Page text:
Miriam Schwarcz was born in 1922 in Komarno, Czechoslovakia, the 13th child of a gentleman farmer. She was spoiled.
As she grew up, she was always asking when she would be married. One day she and her mother met with a Jewish matchmaker. In her collection of photographs, Miriam spotted a handsome young man named Bela Rosenthal. They were married in 1944.
They were together only a short time before Bela was sent to a slave labour camp and Miriam to Auschwitz.
One day in Auschwitz an SS officer told the pregnant women to step forward, as their food rations were being doubled. Miriam, who was four months pregnant, didn't move. "Miriam, what are you doing?" her cousin asked. But Miriam stood where she was.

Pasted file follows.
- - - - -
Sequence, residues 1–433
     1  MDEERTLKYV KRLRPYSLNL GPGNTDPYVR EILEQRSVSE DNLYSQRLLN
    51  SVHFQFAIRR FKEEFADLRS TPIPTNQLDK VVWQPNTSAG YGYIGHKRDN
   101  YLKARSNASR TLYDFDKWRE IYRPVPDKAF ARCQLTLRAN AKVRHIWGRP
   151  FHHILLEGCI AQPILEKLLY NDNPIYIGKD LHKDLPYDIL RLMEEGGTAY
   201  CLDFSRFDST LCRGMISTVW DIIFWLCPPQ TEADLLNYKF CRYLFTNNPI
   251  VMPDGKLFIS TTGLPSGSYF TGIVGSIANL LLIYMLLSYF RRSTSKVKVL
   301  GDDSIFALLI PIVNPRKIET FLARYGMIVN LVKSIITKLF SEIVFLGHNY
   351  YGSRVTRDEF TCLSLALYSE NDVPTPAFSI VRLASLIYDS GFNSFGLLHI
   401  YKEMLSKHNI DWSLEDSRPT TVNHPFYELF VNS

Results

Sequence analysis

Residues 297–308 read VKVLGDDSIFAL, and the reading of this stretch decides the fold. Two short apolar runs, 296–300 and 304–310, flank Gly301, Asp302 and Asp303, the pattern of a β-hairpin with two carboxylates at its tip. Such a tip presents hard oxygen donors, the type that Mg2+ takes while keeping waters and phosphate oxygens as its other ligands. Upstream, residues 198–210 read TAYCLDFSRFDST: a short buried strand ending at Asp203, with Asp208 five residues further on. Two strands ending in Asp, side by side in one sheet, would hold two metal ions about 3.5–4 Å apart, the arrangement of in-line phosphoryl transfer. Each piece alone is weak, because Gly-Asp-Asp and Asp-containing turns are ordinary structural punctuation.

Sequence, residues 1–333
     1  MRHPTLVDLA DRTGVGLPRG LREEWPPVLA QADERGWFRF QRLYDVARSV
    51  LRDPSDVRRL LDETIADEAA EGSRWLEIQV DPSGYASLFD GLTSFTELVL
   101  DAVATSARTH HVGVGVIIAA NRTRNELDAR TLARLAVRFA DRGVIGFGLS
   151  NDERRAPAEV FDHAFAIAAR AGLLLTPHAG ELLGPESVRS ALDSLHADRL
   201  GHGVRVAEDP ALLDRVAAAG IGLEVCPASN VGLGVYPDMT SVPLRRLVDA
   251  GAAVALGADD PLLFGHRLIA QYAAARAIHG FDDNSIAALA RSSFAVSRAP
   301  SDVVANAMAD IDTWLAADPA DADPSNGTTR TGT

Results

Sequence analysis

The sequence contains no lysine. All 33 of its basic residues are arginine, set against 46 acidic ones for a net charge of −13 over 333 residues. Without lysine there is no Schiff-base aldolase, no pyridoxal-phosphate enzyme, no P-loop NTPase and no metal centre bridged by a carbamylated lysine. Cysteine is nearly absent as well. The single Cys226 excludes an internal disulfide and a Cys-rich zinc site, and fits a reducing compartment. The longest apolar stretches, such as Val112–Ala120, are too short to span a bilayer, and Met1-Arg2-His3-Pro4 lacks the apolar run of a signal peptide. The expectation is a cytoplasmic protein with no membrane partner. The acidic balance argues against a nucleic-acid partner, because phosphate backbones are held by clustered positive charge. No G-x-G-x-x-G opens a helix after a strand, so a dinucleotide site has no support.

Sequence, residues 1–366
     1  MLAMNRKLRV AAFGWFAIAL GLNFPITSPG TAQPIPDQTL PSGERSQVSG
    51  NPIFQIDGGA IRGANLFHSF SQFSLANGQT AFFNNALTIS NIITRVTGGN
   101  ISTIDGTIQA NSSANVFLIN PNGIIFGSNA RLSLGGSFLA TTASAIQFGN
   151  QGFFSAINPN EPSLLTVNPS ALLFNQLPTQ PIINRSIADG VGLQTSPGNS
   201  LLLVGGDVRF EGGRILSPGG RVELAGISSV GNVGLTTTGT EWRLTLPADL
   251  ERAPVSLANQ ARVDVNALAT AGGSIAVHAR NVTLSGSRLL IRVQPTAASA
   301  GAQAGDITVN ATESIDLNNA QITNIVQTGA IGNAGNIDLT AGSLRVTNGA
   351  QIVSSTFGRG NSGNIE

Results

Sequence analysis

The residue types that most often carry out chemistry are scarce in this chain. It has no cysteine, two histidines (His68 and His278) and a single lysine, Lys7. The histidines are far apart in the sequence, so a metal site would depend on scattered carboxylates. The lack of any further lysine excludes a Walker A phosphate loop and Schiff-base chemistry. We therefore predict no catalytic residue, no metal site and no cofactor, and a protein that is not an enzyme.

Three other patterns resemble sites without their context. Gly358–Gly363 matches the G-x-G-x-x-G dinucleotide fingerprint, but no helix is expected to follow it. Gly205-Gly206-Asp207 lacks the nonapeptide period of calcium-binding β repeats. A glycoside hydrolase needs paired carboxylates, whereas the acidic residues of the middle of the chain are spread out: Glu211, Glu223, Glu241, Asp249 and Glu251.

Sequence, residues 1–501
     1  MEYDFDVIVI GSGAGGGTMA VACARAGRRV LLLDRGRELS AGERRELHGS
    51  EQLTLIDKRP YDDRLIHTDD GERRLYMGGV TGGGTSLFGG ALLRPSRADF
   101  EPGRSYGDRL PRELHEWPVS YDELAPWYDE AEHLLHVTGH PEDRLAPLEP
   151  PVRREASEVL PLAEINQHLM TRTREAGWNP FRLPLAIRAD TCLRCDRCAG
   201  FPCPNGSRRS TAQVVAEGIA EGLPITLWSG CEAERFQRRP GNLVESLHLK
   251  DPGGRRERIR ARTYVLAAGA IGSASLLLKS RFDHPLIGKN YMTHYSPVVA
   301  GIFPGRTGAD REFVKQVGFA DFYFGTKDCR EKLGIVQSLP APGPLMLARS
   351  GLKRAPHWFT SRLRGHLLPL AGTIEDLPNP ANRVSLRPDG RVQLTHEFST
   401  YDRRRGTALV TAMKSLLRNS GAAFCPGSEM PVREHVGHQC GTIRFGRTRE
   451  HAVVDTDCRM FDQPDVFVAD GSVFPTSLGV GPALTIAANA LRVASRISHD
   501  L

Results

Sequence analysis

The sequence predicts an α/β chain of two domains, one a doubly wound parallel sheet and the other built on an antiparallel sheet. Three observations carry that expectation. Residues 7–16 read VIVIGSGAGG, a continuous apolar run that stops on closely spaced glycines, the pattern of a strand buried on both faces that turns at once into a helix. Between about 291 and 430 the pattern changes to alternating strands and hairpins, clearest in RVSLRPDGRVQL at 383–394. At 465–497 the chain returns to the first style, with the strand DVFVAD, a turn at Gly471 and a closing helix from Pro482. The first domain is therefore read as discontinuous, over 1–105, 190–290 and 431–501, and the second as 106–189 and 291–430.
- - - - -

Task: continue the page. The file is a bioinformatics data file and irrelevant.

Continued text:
Two hundred women stepped forward, including some who weren't pregnant. All 200 went to the gas chambers.
Miriam was moved to a satellite camp at Dachau, and wound up in a cellar with six other pregnant women. Miriam was the last of the seven to give birth.
Babies were regarded as useless mouths to feed and were normally murdered at birth. Somehow these survived. American soldiers who liberated the camp wept when they saw the babies in a graveyard of bones.
Miriam returned to Komarno - and found Bela. He too had survived.
"I could see him coming, running from afar, and I shouted 'Bela, Bela.' I wasn't sure it was him," says Miriam. "He was running and calling my name. I can't describe that feeling when he saw our baby, when he saw Leslie for the first time. We cried and cried and cried."
In 1947, the three moved to Canada. Bela became a rabbi. He died aged 97.
Miriam still has Leslie, her "miracle baby." He's 67 now. He visits his mother every day. He knows something of what his mother auffered.
Miriam has just celebrated her 90th birthday.